We got a late start and missed breakfast at the hotel. Instead we managed to find what is probably the only place in Japan that did not serve green tea. I’m sure I looked horrified when the server said the only option was orange pekoe. I opted for coffee. Lesson: a restaurant in a “Royal” hotel may connote Queen Victoria rather than Edo or Meiji.
The rest of breakfast consisted of a too-sweet veggie smoothie, toast labeled as whole-grain, yogurt with a sprinkling of cereal, and a decent salad.
We took a brisk walk across the river and up the road to the Imperial Palace, which was of course closed. The magnificent grounds almost compensated, and the lack of crowds was merciful. Workers fanned out, cleaning and giving TLC to the ancient tress with delicate pruning and installation of supports made of bamboo and cloth. The a few leaves had begun to change, but they seemed muted compared to the blaze of New England.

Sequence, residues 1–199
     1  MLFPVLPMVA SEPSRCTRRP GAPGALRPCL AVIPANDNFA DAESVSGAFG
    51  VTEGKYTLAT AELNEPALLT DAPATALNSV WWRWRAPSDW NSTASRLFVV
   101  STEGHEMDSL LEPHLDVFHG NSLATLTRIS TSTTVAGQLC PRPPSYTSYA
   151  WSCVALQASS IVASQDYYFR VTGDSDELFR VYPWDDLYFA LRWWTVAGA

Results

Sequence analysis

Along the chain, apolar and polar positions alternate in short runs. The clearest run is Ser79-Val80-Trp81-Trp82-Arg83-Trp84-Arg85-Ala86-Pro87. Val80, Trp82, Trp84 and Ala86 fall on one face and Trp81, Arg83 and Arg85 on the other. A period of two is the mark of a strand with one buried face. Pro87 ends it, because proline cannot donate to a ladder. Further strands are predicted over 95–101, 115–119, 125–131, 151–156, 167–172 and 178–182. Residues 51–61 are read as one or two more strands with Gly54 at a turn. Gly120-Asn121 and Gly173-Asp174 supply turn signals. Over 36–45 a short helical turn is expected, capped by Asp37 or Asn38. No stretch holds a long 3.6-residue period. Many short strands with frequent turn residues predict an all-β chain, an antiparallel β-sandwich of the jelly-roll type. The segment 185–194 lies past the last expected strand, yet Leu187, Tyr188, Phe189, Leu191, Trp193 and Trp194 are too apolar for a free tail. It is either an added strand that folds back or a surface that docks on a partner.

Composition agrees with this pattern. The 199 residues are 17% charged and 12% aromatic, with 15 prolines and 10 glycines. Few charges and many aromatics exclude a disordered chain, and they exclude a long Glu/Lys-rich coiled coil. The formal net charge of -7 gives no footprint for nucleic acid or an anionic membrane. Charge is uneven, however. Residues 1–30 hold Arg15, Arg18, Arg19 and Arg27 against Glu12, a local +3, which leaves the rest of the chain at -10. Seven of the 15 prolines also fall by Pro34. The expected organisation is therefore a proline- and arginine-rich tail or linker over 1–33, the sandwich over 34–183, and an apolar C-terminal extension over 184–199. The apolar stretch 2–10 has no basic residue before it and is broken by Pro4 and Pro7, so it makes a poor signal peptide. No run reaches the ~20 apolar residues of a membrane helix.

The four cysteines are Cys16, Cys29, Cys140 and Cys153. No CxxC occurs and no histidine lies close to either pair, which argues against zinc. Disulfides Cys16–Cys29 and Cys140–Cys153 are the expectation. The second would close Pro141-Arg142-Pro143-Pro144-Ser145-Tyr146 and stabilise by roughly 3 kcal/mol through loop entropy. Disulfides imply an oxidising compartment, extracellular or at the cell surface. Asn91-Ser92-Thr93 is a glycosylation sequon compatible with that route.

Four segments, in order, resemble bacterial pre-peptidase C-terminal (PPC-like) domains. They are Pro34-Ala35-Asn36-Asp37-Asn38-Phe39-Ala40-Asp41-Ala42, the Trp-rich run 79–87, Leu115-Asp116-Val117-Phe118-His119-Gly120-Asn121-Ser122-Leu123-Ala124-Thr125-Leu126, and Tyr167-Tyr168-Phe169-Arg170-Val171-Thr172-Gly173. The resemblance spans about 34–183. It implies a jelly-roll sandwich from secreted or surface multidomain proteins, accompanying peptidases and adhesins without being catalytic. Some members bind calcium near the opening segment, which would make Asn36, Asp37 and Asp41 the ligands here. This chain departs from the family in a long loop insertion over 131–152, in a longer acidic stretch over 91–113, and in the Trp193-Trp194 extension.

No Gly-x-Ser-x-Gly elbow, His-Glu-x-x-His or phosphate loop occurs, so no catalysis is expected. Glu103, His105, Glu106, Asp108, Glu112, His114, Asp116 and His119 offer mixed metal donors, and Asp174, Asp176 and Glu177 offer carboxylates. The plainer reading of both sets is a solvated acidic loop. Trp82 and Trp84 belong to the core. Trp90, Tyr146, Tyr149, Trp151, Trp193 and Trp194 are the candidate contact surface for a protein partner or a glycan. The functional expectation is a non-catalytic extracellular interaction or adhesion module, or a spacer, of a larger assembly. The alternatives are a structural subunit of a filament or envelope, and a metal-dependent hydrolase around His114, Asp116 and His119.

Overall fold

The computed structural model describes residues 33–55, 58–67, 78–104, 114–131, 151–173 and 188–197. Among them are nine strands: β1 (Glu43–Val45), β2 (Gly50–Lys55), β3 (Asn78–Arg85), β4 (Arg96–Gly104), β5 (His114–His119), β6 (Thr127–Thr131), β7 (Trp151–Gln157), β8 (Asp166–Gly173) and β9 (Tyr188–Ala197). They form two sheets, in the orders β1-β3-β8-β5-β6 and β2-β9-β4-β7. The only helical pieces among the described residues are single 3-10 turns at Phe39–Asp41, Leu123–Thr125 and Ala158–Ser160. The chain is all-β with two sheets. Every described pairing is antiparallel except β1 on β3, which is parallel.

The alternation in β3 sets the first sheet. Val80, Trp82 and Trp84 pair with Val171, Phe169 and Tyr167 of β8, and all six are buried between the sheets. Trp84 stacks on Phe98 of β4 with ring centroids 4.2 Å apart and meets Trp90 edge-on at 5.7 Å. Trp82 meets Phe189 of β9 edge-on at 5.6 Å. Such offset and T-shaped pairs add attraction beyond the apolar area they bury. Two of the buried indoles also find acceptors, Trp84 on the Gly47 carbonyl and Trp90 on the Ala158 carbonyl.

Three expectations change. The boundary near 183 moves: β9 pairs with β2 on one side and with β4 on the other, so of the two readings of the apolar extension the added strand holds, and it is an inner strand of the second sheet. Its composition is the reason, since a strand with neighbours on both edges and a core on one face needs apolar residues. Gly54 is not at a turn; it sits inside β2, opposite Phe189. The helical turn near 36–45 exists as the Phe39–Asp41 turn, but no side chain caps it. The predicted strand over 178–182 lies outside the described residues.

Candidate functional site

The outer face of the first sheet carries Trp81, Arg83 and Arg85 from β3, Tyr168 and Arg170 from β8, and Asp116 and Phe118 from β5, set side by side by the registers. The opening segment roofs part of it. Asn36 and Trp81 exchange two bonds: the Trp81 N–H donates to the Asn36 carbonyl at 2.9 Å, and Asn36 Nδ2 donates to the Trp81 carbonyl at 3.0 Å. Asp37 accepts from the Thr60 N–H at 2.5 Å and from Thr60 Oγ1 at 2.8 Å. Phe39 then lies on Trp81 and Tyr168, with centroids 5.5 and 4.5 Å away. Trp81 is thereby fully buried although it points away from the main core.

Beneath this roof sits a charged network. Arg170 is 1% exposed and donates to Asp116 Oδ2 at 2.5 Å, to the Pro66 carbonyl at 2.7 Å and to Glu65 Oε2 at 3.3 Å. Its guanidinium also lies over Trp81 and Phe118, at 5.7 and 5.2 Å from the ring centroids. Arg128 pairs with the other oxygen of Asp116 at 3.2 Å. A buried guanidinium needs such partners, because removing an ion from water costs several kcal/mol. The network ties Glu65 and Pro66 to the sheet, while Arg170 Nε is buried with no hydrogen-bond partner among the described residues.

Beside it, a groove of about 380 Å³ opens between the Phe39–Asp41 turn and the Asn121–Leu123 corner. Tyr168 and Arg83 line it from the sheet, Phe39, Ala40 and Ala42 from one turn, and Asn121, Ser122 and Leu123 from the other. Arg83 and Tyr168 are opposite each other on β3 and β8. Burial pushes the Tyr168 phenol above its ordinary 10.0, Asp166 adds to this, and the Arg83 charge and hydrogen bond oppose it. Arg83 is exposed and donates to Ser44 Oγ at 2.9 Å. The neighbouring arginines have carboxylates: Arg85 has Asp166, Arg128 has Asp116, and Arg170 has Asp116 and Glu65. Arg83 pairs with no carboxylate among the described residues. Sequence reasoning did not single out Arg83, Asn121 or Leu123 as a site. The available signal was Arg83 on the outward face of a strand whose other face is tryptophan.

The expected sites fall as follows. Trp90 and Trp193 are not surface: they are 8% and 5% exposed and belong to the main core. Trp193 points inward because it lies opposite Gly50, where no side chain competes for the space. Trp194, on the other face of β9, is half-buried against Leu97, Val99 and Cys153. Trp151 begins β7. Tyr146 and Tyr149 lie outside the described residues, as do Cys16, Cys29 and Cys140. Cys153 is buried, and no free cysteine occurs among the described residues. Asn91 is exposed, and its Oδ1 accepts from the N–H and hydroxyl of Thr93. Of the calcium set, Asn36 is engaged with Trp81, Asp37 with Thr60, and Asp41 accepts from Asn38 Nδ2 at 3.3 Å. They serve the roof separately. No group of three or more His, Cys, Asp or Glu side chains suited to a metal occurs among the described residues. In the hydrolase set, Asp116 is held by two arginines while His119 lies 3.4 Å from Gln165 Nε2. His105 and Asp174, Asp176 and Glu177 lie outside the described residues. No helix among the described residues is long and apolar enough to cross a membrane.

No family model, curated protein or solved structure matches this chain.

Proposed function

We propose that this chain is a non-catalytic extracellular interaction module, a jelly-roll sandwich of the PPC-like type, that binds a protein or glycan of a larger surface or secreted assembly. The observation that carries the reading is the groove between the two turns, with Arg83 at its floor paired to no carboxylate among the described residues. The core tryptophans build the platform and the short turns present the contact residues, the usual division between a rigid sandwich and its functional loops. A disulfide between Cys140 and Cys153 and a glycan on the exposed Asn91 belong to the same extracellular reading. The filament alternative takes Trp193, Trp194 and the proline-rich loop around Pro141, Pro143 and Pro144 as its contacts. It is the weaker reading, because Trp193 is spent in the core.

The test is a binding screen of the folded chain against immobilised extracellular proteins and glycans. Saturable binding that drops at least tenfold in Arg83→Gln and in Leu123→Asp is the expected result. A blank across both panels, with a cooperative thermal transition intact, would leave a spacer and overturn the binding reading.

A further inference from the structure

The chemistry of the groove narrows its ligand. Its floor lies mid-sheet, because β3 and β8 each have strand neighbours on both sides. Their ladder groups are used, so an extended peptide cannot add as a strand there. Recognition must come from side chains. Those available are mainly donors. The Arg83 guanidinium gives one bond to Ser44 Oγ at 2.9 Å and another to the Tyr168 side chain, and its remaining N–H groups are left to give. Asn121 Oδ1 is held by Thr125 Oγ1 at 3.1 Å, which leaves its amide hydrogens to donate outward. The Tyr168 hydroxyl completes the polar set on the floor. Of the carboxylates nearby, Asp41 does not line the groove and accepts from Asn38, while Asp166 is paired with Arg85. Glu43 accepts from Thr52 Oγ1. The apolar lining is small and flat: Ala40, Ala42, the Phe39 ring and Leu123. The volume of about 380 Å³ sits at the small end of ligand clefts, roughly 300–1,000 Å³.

We returned to the main road via a bridge. On one side an egret did a perfect imitation of a statue. On the other, an equally immobilized turtle warmed itself on a boulder. The pond contained a small army of carp, mostly gray, though an occasional flash of red angled through the murk.
Attraction on the way back: a couple of girls with skateboards. One merely stood on hers. The other did a kick-glide then stopped as well. From our hotel window, I spotted a couple more ambitious types doing tricks in the same spot.
Later in the day we walked to the jam-packed Gion. There we saw a bunch of geisha-wannabes and maybe two real ones.
Dinner was a disappointing meal in one of the many department stores we visited. It consisted of a bowl of rice topped with a plethora of veggies. The photo did not include the chicken and what I think was tripe. It also misrepresented the sauce, which was far more glutinous than pictured. I survived.